From book to big screen – Can the film adaption of Norwegian Wood pack the same punch as the novel?

I don’t generally review films but I’ve been asked to go and see the film adaption of Haruki Murakami’s Norwegian Wood. Like any book lover I’m a little nervous as the film adaptations of a readers much-loved book can often be a recipe for disappointment. What if the movie doesn’t live up to the book? What if it fails to capture all that was so special about the novel? My preferences nearly always swing in favour of the novel.

There’s just something about the experience of reading a novel that for me is far superior to visiting the cinema. For me it is a far more personal experience; an experience where one can truly lose themselves in the lives and characters of the novel.

I’m hoping the movie wont be a disappointment, it’s directed by the acclaimed Tran Anh Hung. Although I haven’t seen any of his previous films I have read some positive stuff about his work and style so fingers crossed the movie is in good hands.

The big question is will the film truly reflect the delicate and devastating relationships that take place within the novel. Will the intricate dynamics between the characters translate to the big screen? There’s something really precious about the way Murakami depicts love and loss and the special bonds that people form. I really hope that this comes across in the film.

Murakami doesn’t rely on flashy events or dramatic block buster scenes. For me it’s the dialect between the characters that touched me when reading the novel, and the beautiful, sometimes poetic way in which he portrays emotions. He takes experiences of love that his readers can relate to and tells them in such a moving way that we feel sadness and empathy for the people of his book.

The story is about a young man Toru who, following the suicide of his friend, falls in love with two women and must decide who to choose. The plot itself could be depicted in so many different ways but Murakamis chooses a perceptive and sympathetic approach that really moved me when reading the story.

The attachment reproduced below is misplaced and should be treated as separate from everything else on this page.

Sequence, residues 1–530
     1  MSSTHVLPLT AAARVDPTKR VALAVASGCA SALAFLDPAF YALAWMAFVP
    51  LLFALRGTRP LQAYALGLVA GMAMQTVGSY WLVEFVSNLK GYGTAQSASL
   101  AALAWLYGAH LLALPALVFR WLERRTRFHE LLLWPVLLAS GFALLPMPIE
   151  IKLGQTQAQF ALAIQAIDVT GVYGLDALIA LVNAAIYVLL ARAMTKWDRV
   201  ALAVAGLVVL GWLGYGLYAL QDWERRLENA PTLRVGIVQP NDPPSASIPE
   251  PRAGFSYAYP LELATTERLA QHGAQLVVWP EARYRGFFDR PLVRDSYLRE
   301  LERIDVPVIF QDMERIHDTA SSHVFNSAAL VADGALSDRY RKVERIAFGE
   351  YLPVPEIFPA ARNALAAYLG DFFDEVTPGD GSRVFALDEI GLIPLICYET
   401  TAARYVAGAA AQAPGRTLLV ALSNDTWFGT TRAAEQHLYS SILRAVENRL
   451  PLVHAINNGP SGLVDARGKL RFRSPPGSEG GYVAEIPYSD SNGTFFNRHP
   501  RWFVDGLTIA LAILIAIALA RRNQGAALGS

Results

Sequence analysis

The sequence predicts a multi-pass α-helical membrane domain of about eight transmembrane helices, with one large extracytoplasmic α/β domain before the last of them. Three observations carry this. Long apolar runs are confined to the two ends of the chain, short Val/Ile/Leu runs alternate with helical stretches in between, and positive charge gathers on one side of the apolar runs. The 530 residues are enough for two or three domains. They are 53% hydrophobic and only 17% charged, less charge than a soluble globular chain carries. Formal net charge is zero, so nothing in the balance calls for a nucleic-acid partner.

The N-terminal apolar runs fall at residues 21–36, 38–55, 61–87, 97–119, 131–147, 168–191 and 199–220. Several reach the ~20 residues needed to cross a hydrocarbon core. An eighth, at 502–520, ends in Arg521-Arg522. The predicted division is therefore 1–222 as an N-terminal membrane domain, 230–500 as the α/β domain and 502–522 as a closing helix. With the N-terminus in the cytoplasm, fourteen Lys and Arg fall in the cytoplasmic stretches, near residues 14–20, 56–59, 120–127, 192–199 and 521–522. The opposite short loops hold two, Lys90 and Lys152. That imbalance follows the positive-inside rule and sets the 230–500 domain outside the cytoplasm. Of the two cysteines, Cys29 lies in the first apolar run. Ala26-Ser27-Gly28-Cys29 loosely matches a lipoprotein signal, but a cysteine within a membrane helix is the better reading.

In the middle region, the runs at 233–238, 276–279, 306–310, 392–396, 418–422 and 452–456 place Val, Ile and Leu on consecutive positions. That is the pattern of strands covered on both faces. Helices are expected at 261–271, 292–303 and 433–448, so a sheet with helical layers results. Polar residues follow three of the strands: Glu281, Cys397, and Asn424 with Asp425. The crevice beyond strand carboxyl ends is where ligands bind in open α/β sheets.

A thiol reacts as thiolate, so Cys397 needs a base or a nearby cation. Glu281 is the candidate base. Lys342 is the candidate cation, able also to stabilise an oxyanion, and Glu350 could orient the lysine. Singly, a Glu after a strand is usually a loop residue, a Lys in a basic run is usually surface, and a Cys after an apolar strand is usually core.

I can’t wait to watch the film, I’m hopeful that it will still retain all that is wonderful about Murkami and the novel, and if were very lucky move us in just the same way.

I’m also excited to see Japan in 1960 depicted at the cinema, it should be a visual treat as it’s something not overly portrayed in the cinema.

I’ll post a review of the film just as soon as I’ve seen it. In the meantime I’d love to know your thoughts if you’ve already seen it? Or your thoughts on a film adaptation of the book being made?


4 thoughts on “From book to big screen – Can the film adaption of Norwegian Wood pack the same punch as the novel?

  1. Films are entirely different media, and conversions between the two rarely work. Doesn’t matter if it is flashy and action packed (LofR) the film always comes off worse.
    I have spent many evenings arguing about film adaptations and their faithfullness (i still come to blows over David Lynch’s Dune vs the original Frank Herbery Dune).
    Try to forget teh book when you watcht he film and it will be a lot better, faithful adaptations are exceedingly rare

  2. I agree Michael, it’s hard to find a film that matches up to the book. I’ve long since given up on faithful adaptions. I just hope this film delivers the same sensation that the book did for me. Have you read the book or will you be watching the film?

  3. Norwegian Wood was the first Murakami I read and it is a wonderful book indeed. I’m not sure how well his magical realist style will translate to the cinema, but Norwegian Wood is more straightforward than books like Kafka on the Shore so it might work. Do let us know how it comes across.

  4. Your right Dark Puss Norwegian Wood is one of his more straightforward books so hopefully that will help the film adaptation work. I never got to see the film at the cinema as I was ill the night I was meant to go so I think I need to download it very soon.

    I’ll let you know how it goes, will you be watching it? What’s your favourite Murakami book? I’ve been trying to get in to Dance, Dance, Dance recently but I’m struggling with it a little. Norwegian Wood is still my favourite so I do hope the film is good!

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